File a Defence late and the chances are you will face judgment being entered against you.
The case of Billington –v- Davies and another  EWHC 1919 [CH] heard in the High Court, considered an application by a Claimant for default judgment where the Defendants Defence was filed at Court after the deadline set for filing.
In considering whether to give default judgment, the key question for the Court is whether or not the Defence has been filed, rather than the mertis of the defence. There are strict time limits for acknowledging service and filing a Defence which are calculated by reference to service of the Claimant’s Particulars of Claim on the Defendant. Within 14 days after service of Particulars of Claim, a Defendant must have filed either an Acknowledgment of Service or a Defence. If neither is filed after 14 days, default judgment can be entered. If an Acknowledgment of Service is filed, a Defendant must file a Defence within 28 days after service on him of the Particulars of Claim. If no Defence is filed within that deadline default judgment can be entered.
In Billington the First Defendant did not file a Defence until the day before the Hearing of the Claimant’s application for judgment in default. It was argued that it was a pre-condition for obtaining default judgment that a Defence must not have been filed; the implication being that even a late Defence would be enough to scupper a successful application for default judgment. Deputy Master Pickering rejected this argument. In his judgment, the reference to a Defence in the CPR “was to a Defence which had either been served within time, or in respect of which an extension had been granted”. In the absence of either in this case, the Court considered the significance of a note contained in the White Book (the rule book on civil procedures), which stated that filing a Defence late would prevent a Claimant obtaining default judgment. It was held by the Court that this note was essentially wrong.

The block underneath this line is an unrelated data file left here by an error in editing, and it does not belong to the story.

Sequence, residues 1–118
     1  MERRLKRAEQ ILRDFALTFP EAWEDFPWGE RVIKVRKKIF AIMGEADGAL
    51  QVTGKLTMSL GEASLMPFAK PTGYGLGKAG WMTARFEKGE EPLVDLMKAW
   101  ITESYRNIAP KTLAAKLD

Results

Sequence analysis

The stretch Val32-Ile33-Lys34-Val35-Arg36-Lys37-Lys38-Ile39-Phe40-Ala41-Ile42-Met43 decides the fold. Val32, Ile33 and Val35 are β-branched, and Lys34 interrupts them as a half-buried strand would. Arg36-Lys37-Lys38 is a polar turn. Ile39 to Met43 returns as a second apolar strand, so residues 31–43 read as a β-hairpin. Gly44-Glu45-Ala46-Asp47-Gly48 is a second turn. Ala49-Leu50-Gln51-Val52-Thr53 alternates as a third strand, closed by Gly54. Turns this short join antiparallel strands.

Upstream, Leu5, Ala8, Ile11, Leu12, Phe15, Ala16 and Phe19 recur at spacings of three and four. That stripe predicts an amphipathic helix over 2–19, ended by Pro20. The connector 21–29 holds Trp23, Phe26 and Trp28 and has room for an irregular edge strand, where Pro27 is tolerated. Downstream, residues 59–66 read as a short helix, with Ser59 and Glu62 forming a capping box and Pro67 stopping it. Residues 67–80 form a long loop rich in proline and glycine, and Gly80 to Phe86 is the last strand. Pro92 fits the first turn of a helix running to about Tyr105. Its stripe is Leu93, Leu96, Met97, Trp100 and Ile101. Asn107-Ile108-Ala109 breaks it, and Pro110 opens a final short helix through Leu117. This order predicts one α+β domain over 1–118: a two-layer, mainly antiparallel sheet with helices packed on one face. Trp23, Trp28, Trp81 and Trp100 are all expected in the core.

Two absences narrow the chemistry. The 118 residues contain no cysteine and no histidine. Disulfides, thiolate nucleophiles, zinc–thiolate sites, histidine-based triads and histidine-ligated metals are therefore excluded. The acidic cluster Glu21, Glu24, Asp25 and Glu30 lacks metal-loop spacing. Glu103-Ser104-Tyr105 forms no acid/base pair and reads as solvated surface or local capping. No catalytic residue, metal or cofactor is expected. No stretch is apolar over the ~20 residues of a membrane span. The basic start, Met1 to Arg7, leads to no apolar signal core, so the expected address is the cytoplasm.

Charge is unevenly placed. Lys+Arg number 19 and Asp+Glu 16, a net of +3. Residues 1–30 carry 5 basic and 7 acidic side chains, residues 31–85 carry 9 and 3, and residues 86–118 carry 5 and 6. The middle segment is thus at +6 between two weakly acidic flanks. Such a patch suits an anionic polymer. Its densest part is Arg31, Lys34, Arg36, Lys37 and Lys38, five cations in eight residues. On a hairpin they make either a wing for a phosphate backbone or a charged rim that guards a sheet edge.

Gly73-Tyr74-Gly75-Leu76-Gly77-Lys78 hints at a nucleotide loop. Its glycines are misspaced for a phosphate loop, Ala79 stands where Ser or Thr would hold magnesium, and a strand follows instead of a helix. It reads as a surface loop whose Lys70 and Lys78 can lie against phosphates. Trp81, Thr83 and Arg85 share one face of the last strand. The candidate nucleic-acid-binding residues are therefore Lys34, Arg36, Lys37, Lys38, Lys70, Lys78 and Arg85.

It was found that neither the Defendant’s lack of funding, nor the existence of negotiations between the parties existing prior to the application for default judgment, were good reasons for delaying filing a Defence. The Deputy Master found that this was not an appropriate case where he should exercise his discretion to extend time.
This case serves as a useful reminder for all those served with Claim Forms on the perils of ignoring the time limits for filing a Defence. Anyone served with a Claim Form and/or Particulars of Claim by a Claimant, should seek legal advice as quickly as they can to avoid filing and serving documents late and/or pleading facts which are unhelpful or not accurate or comprehensive enough for both the Court and the other side to understand the essential facts in the case.
If you have been served with Claim Forms and require advice on filing a Defence, please call on 01708 229444. The contents of this article are for the purposes of general awareness only. They do not purport to constitute legal or professional advice. Specific legal advice should be taken on each individual matter. This article is based on the law as at October 2016.